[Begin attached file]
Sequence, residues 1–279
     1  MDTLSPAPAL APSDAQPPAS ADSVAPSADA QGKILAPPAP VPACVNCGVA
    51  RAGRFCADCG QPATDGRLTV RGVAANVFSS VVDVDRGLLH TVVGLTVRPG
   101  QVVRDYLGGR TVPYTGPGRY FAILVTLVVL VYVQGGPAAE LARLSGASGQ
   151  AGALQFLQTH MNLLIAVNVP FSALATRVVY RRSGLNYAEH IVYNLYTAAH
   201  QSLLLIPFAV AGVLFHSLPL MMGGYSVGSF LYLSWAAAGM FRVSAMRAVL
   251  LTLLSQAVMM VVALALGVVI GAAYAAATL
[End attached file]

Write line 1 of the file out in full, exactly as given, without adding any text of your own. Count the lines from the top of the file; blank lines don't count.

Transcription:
Sequence, residues 1–279